In the attic of my suburban home I have this fading yellow Pee-Chee folder covered with my junior high “girl gang” graffiti.
These silly scrawls, along with a blue bandana and excessive eye makeup, represented my hapless attempt to “affiliate” and stay safe as one of a handful of white girls in an overcrowded, under-resourced, racially isolated school in Carson, California.
This school—where I did no homework, stalled out academically, cut class repeatedly and still earned straight A’s—was the first of three segregated schools I attended in the Los Angeles Unified School District.
These schools failed me as a student but changed the course of my life in immeasurable and invaluable ways. Had I stayed in that little small Connecticut town where I attended grade school, where the only black children I saw were peering out of bus windows bound for Hartford schools, I would be a very different person.
I’ve been pondering the case for integrated schools as a school reform strategy in part because of the debate inspired by the “This American Life” episode on school integration, but mostly because I never stop thinking about the racial and class divisions in my family, in my work, in my community, in my country.
Personal experience aside, I’m not here to argue that it’s a wise decision to plop wide-eyed white kids into dodgy urban schools in the spirit of social engineering. I ended up swimming, but I could have just as easily sunk, and I very nearly did. Nor do I believe that black and brown children should be forced to move to white neighborhoods and white schools because it’s their only shot at a safe, solid education.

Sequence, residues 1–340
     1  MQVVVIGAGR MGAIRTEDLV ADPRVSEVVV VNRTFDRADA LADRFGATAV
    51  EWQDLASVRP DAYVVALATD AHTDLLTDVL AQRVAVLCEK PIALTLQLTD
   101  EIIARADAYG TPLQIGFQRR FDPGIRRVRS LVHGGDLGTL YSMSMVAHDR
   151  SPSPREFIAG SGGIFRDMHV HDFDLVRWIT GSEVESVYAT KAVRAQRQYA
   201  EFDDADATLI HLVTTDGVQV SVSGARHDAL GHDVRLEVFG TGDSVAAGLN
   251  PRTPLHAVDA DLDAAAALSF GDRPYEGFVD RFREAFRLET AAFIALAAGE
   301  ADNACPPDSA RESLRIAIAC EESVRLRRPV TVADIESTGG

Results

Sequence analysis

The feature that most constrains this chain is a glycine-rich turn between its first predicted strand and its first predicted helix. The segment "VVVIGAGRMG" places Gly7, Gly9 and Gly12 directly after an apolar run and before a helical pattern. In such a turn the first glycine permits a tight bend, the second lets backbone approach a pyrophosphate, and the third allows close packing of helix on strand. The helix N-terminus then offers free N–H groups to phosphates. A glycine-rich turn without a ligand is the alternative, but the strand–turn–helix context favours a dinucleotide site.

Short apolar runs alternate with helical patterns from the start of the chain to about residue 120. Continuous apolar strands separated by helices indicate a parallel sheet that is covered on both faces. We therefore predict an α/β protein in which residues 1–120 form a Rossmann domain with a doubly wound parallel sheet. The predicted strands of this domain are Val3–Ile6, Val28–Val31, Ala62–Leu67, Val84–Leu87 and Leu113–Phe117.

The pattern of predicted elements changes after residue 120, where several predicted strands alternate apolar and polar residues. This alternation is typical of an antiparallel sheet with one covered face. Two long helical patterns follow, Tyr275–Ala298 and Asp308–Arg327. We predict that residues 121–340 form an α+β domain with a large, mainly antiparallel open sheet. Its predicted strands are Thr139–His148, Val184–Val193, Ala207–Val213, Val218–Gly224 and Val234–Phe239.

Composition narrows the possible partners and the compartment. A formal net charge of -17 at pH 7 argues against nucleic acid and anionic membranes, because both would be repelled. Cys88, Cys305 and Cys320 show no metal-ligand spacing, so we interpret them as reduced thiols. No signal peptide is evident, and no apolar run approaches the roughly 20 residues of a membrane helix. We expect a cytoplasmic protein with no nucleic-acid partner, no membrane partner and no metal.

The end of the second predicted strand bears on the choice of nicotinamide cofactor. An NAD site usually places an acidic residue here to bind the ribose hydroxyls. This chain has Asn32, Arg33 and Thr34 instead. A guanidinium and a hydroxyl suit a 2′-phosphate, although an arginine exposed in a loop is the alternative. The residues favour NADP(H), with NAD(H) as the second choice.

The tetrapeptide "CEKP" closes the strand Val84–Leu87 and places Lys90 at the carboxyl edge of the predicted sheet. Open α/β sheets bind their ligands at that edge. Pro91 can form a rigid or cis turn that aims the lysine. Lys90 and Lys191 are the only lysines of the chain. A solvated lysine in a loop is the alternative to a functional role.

But I do know there is something enlightening and exhilarating about being in a place where no one looks like you do and you don’t care and you don’t feel out of place.
It’s pretty clear that concentrated poverty and racial isolation in schools make it harder for students to thrive—the expectations are lower, the teaching is weaker, the resources are fewer, and it’s hard to learn when you are worried about getting your ass kicked—and yes, that experience disproportionately falls on black and brown kids.
Still, I don’t think any child thrives in racially isolated schools, not even the pampered white ones in their stultifyingly safe, highly rated suburban schools. I don’t think it prepares them to work with, learn from, worship among, befriend and love people from other races and cultures.
Had I stayed in that Connecticut town, I may have scored higher on my SATs, but I would have lived a much poorer life.
I wouldn’t have been a dama in my friend’s quinceanera.
I wouldn’t have ventured into Bedford-Stuyvesant for my first big journalism assignment in New York City.
I wouldn’t have spent an amazing year embedded in one of Chicago’s worst high schools, or found it funny that every kid there called me “Mrs. Parker” because she was the other white lady at the school.
I wouldn’t feel so uninhibited speaking rusty Spanish to Colombian grandmas on local busetas.
I wouldn’t be living in my intentionally diverse community with my African-American husband (of 25 years) and sending my biracial daughters to its integrated schools, where I join my suburban Chicago neighbors in our loud laments over achievement gaps, microaggressions and high taxes.
I know integrated schools are not the magic bullet, but I wish they were. They provide children with a powerful inoculation against racial cluelessness, the kind that in adulthood too often metastasizes into isolation, ignorance and fear.